Sometime in the early 90’s my late mother gave me this poster designed by Andy Anderson that represented the state of the Washington Wine Industry. The poster has a treasured spot above the toilet in my current master bath. The other day as I glanced at it yet again it occurred to me just how much things have changed in the Washington wine landscape over the last 30 years.
You might need to save the image and blow it up elsewhere to see the details but here are some of the striking differences I noticed.
Around the edge of the poster there is commentary on the leading varieties at that time in the state. It struck me that the signature variety of the last decade, Syrah, was not even referenced on the poster. You might make an argument that the current signature variety is Cabernet Sauvignon but for me it is the super unique Syrah wines from the likes of Cayuse, Force Majeure, Reynvaan, Gramercy and others that define Washington.
I also noticed that at the time of publication there were only 3 AVA’s in Washington. Columbia Valley, Yakima Valley and Walla Walla Valley. There are now 14 AVA’s in Washington including some that have flown under my radar like the Puget Sound AVA and the Naches Heights AVA.
In the early 1990’s Woodinville Wine County pretty much consisted of Chateau Ste. Michelle and Columbia Winery. There are now over 130 wineries in Woodinville.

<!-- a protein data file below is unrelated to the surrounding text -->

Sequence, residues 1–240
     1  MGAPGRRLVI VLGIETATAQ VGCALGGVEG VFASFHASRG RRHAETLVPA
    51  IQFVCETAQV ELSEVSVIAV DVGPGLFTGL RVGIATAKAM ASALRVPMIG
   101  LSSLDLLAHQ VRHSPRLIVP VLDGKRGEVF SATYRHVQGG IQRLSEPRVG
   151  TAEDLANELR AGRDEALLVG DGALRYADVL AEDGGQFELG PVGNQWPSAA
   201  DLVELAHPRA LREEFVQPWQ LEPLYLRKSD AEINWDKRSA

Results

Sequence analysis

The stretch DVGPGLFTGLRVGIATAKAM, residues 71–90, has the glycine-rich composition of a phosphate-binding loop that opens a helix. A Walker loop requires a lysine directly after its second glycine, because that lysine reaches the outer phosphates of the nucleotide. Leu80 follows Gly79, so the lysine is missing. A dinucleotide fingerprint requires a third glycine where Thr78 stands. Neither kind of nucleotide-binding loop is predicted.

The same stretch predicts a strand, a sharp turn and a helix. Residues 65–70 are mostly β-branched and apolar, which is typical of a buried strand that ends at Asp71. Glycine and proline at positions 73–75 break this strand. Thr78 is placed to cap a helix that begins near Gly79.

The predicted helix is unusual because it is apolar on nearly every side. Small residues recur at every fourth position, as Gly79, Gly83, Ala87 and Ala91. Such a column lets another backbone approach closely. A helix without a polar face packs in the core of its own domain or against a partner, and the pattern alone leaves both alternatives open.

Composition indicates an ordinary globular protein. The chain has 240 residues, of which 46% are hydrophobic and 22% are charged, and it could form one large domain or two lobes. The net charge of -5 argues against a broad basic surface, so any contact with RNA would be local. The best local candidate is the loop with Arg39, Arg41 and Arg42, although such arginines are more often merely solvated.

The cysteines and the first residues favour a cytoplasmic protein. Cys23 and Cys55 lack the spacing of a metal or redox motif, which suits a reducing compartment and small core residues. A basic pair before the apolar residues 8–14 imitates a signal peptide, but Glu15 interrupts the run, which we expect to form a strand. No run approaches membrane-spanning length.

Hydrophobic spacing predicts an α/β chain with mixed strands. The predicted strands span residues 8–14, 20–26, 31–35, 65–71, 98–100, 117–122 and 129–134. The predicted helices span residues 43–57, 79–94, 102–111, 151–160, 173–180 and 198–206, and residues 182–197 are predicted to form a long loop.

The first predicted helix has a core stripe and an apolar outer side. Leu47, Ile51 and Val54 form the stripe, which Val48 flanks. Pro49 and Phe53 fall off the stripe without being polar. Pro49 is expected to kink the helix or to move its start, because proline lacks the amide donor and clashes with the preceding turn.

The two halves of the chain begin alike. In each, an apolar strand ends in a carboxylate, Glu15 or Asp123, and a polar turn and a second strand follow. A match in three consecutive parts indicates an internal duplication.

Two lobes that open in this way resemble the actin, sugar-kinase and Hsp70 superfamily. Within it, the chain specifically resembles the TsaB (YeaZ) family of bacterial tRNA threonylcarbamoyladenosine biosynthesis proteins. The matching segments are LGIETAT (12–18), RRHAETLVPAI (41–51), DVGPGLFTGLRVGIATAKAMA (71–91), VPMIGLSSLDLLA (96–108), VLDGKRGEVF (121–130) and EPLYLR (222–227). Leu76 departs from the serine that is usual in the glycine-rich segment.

I’d venture at least a third of the wineries on the poster are no longer in existence. Facelli winery, for instance, closed in 2016 after being in business for 27 years. Champs de Brionne Winery, situated next to the Gorge Ampitheater closed in 90’s. Back in the day you could bring their wines into the concerts. I’m unable to figure out why they closed but after attending my first Gorge concert long ago I always thought it might be problematic having concert goers peeing on the grape vines. Many of the wineries I just had never heard of. Hunter Hill? Johnson Creek?
It bears mentioning that some of the leading producers in 1990, although not explicitly called out, are still at the top of their game. Leonetti, Woodward Canyon and Quilceda Creek are all noted on the poster.
Much has changed in the last 30 years as can be expected. God willing I hope to be around 30 years from now as I can imagine things will once again be substantially different.